From: James Kass (firstname.lastname@example.org)
Date: Sun Oct 10 2004 - 22:57:16 CST
Where to begin?
The topic is hot.
Some think one,
the others think naught.
Doug Ewell wrote,
> ... Bits certainly
> belong to both worlds, and as one can see by reading Mackenzie's 1980
> book, so do coded character sets.
Topicality attempt noted.
Marcin 'Qrczak' Kowalczyk wrote,
> (as many people order bits backwards, i.e. from the most significant).
It seems somebody's always trying to put the cart before the horse.
> Because then the number of a bit doesn't correspond to the exponent
> of its weight, so I even don't know in which order they are specified
But, if we wanted to number the bits in a truly binary fashion,
couldn't the first bit be bit one and the second bit be bit one-zero?
Or, should the first bit be bit one, the second bit be bit two, and
the third bit be bit *four*?
If we really have to keep the exponents in mind, wouldn't it be
the better practice to be specific and call the first bit the
"two-to-the-zeroith-bit" and the second bit the "two-to-the-first-bit"?
That might be less confusing to those who begin with one. Perhaps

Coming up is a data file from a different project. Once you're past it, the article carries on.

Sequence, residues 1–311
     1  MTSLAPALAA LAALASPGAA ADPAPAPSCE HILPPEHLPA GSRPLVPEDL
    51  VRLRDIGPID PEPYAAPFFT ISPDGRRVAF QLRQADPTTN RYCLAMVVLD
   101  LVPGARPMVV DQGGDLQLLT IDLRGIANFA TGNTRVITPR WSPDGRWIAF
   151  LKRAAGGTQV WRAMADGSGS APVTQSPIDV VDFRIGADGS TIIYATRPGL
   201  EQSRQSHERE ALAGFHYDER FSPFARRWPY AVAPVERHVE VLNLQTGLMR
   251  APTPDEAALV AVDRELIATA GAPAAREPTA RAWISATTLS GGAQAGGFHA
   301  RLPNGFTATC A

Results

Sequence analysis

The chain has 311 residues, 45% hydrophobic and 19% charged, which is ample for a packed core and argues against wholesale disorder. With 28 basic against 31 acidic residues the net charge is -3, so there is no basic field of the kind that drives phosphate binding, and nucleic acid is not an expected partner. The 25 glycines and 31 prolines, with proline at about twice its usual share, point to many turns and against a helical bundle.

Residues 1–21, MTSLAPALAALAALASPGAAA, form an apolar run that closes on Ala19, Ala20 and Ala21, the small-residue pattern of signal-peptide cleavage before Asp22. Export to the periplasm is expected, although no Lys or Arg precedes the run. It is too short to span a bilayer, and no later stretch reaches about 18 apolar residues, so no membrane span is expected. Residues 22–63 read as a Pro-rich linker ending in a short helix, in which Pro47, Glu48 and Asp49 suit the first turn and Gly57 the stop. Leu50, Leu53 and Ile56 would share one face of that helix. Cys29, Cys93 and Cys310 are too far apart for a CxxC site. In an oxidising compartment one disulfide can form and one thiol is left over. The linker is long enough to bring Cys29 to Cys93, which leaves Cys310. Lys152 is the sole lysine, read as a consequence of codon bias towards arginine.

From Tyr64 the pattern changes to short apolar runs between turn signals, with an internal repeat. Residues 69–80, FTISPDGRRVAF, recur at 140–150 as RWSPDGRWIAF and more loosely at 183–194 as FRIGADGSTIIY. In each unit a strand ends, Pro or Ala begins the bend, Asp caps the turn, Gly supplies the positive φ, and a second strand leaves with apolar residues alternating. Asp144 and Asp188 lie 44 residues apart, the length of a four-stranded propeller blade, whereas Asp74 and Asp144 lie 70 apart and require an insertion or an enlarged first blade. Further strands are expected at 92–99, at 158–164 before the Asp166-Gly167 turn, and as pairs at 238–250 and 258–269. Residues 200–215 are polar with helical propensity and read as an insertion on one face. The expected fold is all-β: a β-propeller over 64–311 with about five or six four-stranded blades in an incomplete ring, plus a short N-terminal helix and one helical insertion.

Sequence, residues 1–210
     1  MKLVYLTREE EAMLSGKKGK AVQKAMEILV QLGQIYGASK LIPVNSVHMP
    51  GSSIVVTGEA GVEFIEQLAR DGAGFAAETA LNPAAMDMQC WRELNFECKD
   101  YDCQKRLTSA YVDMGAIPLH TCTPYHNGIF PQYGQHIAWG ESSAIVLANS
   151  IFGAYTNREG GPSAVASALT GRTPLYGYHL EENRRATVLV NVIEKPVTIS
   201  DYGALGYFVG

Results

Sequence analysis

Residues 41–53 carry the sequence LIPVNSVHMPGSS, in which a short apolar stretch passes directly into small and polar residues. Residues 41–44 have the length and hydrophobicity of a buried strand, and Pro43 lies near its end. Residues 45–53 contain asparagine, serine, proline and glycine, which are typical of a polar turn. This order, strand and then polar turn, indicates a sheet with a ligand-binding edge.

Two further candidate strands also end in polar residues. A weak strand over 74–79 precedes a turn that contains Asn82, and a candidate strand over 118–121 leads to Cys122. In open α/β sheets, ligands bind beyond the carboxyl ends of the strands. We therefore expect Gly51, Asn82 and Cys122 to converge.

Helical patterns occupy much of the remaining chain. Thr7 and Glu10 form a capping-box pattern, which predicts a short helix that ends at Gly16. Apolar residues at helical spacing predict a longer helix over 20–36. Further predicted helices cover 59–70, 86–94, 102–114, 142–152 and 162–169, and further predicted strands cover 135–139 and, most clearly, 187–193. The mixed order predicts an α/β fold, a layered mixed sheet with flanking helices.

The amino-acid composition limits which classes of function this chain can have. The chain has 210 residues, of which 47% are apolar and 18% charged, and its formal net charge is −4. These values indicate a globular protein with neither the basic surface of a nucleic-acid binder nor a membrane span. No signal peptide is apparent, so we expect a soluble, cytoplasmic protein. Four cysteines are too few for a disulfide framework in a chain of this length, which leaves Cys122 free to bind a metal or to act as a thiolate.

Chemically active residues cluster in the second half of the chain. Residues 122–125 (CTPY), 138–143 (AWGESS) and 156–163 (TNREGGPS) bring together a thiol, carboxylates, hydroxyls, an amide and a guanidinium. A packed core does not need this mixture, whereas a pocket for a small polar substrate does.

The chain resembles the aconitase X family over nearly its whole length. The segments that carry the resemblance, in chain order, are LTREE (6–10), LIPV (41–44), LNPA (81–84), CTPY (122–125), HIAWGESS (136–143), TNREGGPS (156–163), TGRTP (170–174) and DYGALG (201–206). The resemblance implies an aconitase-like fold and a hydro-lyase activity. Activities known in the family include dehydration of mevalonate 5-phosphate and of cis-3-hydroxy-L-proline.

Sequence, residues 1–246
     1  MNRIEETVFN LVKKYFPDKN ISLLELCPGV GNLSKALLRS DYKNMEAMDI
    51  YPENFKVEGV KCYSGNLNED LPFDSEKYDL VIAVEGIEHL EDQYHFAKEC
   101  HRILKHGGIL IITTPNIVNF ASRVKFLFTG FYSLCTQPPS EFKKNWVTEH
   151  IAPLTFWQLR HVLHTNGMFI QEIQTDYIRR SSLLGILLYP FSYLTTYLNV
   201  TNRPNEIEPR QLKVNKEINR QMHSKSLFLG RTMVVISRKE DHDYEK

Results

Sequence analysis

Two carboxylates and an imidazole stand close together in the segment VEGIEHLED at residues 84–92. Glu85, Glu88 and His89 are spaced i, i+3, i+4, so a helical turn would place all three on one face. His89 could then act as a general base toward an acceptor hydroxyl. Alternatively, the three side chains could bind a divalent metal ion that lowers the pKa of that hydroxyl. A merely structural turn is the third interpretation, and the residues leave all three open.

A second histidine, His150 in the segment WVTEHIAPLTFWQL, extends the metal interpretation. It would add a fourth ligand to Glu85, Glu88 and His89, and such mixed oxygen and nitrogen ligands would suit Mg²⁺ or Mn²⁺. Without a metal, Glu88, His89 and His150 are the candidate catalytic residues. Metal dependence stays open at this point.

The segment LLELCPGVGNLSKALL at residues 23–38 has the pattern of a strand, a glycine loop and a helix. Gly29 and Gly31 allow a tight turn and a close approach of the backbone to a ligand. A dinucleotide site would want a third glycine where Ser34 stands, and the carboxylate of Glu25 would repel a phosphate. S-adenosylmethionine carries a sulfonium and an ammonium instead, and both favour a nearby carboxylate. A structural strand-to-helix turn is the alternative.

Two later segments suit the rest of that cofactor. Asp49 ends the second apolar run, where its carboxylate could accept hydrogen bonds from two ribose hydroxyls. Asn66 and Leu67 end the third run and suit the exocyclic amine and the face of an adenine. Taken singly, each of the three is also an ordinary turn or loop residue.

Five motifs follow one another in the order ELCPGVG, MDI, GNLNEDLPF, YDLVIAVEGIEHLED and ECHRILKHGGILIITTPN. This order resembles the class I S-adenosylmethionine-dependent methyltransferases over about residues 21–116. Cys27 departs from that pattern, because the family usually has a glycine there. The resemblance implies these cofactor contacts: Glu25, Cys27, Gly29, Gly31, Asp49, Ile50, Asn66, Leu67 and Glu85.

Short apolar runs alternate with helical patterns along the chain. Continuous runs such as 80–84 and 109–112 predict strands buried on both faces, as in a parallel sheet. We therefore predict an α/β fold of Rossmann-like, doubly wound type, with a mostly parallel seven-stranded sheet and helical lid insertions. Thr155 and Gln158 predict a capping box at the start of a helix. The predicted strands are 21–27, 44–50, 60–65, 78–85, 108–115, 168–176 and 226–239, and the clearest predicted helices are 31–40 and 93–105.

the exponent proponents should be required to do so...
Asmus Freytag wrote,
> Not counting from zero leads to weird situations at times, such
> as the missing year 0 in the BC/AD system ;-)
In the year zero, nothing happened.
Cristian Secară wrote,
> There is serious reason for that: when it comes to exponent of 2,
> counting from zero makes sense, as the first bit (b0)
> value calculation is 2^0=1, the second bit (b1) value calculation
> is 2^1=2, ..., the eight bit (b7) value calculation is 2^7=128.
More people seem comfortable with ordinal numbers than exponents.
Thus, the 1st bit is bit 1, the 2nd bit bit 2, and so on. That's what
ordinal numbers are for. Part of their beauty is the correlation.
James Kass wrote,
> There are no businesses claiming, "We're number zero!"
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